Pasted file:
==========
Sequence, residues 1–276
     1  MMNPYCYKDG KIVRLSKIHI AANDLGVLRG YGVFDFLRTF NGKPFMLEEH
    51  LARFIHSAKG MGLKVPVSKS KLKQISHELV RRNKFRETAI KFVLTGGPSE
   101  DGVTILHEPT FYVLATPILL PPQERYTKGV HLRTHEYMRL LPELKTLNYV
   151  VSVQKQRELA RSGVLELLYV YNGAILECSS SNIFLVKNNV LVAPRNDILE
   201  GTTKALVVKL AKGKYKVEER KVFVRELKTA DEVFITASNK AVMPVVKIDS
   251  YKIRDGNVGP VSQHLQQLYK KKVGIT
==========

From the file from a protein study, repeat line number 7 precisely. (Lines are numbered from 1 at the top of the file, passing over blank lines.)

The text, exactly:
   251  YKIRDGNVGP VSQHLQQLYK KKVGIT